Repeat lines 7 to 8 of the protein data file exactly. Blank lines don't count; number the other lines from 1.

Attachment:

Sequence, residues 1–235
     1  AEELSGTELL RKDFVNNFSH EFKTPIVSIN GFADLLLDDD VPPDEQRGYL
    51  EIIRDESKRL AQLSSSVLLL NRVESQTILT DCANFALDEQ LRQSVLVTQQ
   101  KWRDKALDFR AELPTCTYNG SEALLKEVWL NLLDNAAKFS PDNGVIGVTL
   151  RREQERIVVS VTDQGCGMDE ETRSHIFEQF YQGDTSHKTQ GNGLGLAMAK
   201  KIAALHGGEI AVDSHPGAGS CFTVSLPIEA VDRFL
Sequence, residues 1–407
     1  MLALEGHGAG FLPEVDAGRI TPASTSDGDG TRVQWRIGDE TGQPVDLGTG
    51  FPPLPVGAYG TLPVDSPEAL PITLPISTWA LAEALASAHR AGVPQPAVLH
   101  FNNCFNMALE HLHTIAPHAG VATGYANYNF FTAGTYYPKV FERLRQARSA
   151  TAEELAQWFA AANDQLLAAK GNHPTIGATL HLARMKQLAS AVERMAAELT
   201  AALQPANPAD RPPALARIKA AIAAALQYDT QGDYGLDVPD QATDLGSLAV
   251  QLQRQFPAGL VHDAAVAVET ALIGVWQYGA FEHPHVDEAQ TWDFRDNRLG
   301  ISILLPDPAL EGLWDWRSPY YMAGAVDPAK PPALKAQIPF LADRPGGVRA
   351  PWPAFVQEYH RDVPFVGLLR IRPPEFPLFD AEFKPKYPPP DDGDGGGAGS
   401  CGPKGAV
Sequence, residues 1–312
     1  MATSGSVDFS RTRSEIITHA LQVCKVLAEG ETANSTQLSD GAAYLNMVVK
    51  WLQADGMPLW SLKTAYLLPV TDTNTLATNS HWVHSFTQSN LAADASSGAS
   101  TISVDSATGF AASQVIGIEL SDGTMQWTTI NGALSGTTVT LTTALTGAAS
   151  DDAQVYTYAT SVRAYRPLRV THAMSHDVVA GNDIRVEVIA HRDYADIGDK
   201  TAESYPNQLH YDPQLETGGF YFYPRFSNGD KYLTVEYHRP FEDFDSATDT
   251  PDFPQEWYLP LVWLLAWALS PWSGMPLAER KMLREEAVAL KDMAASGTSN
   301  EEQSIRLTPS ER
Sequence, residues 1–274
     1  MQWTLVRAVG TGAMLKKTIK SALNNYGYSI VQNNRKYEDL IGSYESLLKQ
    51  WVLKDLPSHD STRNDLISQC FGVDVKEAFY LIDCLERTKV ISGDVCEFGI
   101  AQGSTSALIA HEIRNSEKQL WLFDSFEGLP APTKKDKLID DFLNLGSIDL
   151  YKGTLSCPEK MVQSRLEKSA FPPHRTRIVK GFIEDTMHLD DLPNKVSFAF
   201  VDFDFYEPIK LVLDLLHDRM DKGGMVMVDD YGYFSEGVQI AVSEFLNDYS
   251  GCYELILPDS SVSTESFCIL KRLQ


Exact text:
Sequence, residues 1–407
     1  MLALEGHGAG FLPEVDAGRI TPASTSDGDG TRVQWRIGDE TGQPVDLGTG